What is it about FX that the network keeps coming up with such innovative programming? The network’s first attempts at drama produced The Shield, Rescue Me, and Damages.

More recent dramas have included Justified, Sons of Anarchy, and Terriers. Sure, some of the series may not be dominant in the ratings, but few people can argue the quality of the series.

Chalk Lights Out as another win for the network, at least in terms of quality. Hearkening back to some of the earlier FX dramas, Lights Out doesn’t deliver a lot of witty dialogue, but it does give some hard-hitting drama.

The story follows Patrick “Lights Out” Leary (Holt McCallany), a former heavyweight boxing champ who has spent the past five years after losing his title as a stay-at-home dad for his wife and three daughters. Because he lost the title in a controversial decision and his wife Theresa (Catherine McCormack) forced him to quit, he’s tinkered a bit with the idea of coming back, but seems satisfied with where his life is.

Unfortunately, his brother Johnny (Pablo Schreiber) has squandered his fortune and the Learys can no longer afford their luxurious lifestyle. Patrick can barely keep his father’s (Stacy Keach) gym afloat.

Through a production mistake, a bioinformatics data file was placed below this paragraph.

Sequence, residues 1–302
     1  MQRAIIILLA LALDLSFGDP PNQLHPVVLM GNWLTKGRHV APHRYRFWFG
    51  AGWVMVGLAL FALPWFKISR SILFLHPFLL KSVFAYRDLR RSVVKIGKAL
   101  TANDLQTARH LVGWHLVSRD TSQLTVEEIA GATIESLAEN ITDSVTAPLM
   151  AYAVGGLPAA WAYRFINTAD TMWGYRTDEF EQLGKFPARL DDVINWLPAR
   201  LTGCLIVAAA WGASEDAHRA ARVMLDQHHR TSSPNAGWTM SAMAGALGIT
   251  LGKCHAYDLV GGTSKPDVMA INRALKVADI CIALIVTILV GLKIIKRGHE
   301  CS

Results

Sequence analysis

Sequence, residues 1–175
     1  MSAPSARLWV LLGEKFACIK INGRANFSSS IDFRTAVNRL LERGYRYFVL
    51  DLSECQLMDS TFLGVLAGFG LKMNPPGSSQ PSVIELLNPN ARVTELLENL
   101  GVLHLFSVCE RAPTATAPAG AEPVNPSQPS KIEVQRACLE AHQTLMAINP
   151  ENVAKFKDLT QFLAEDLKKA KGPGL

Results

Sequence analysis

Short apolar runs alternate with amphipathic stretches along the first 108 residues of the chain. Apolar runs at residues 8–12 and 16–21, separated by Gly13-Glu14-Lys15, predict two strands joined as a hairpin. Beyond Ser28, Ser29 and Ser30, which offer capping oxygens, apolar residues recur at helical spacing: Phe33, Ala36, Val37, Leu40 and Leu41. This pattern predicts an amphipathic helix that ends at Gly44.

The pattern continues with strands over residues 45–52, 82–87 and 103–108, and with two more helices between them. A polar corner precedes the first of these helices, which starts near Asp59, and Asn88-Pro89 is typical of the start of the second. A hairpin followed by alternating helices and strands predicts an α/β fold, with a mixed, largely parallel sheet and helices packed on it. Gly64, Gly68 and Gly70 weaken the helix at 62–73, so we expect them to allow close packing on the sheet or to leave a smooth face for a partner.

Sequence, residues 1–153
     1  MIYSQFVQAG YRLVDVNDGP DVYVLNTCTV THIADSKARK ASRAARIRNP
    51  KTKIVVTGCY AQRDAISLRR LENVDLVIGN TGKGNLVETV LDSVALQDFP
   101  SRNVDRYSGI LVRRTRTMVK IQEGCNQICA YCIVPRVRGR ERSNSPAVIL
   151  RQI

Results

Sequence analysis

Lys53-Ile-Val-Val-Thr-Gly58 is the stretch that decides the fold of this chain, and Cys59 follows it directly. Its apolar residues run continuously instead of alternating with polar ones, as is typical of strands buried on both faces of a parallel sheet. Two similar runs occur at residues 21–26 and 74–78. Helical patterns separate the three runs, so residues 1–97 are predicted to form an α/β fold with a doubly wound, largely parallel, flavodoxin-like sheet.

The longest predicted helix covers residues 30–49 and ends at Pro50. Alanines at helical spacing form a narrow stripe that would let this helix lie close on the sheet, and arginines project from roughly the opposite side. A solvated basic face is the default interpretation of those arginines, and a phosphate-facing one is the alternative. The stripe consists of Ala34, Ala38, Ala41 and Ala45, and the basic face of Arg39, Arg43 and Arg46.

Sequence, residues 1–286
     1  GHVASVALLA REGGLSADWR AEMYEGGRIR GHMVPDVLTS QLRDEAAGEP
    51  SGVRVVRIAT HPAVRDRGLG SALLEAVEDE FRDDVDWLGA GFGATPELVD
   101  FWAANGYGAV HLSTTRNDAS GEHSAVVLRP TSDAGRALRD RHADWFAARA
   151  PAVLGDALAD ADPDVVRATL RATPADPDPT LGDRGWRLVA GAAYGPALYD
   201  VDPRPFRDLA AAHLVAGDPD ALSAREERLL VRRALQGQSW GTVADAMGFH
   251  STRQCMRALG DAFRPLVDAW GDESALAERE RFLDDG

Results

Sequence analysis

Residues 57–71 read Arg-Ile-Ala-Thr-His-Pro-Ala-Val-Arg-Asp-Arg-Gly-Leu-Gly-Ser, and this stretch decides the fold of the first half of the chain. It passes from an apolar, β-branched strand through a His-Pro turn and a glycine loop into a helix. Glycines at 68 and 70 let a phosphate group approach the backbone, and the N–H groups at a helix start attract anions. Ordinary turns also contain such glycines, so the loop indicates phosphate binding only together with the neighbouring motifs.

Much in the style of Breaking Bad, we see Patrick, a basically decent guy, start to compromise his values in the name of keeping his family together. He starts doing small jobs for a local mobster (Bill Irwin) and other things to avoid getting back to the ring, now that he’s 40 and well past his prime. But the fates conspire to get him to face his rival ’Death Row’ Reynolds (Billy Brown) once more.

Even if you aren’t a boxing fan, Lights Out should be an appealing series much in the same way you can enjoy Friday Night Lights without liking football. While the characters seem somewhat familiar, as do the situations, to other boxing dramas, Lights Out never becomes trite.

So far, it’s been the best new offering of the winter.

Lights Out premiered last week on FX. New episodes air Tuesday nights on FX.

4 Purple Pencils

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